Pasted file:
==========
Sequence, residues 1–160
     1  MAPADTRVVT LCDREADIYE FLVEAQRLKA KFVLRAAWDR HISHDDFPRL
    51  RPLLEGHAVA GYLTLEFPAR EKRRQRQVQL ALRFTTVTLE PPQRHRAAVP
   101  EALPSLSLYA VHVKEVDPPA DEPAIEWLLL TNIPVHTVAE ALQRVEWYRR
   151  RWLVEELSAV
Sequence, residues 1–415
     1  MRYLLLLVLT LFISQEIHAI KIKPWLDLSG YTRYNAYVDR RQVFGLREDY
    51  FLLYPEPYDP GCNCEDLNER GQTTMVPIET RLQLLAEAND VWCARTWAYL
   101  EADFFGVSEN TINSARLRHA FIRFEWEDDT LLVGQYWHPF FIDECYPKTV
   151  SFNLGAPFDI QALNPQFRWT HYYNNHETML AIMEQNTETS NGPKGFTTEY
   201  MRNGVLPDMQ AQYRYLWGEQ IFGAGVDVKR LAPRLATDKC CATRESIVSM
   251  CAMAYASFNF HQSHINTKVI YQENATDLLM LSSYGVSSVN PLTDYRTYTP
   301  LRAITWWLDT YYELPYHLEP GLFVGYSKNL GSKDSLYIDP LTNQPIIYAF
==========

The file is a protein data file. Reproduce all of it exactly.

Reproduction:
Sequence, residues 1–160
     1  MAPADTRVVT LCDREADIYE FLVEAQRLKA KFVLRAAWDR HISHDDFPRL
    51  RPLLEGHAVA GYLTLEFPAR EKRRQRQVQL ALRFTTVTLE PPQRHRAAVP
   101  EALPSLSLYA VHVKEVDPPA DEPAIEWLLL TNIPVHTVAE ALQRVEWYRR
   151  RWLVEELSAV
Sequence, residues 1–415
     1  MRYLLLLVLT LFISQEIHAI KIKPWLDLSG YTRYNAYVDR RQVFGLREDY
    51  FLLYPEPYDP GCNCEDLNER GQTTMVPIET RLQLLAEAND VWCARTWAYL
   101  EADFFGVSEN TINSARLRHA FIRFEWEDDT LLVGQYWHPF FIDECYPKTV
   151  SFNLGAPFDI QALNPQFRWT HYYNNHETML AIMEQNTETS NGPKGFTTEY
   201  MRNGVLPDMQ AQYRYLWGEQ IFGAGVDVKR LAPRLATDKC CATRESIVSM
   251  CAMAYASFNF HQSHINTKVI YQENATDLLM LSSYGVSSVN PLTDYRTYTP
   301  LRAITWWLDT YYELPYHLEP GLFVGYSKNL GSKDSLYIDP LTNQPIIYAF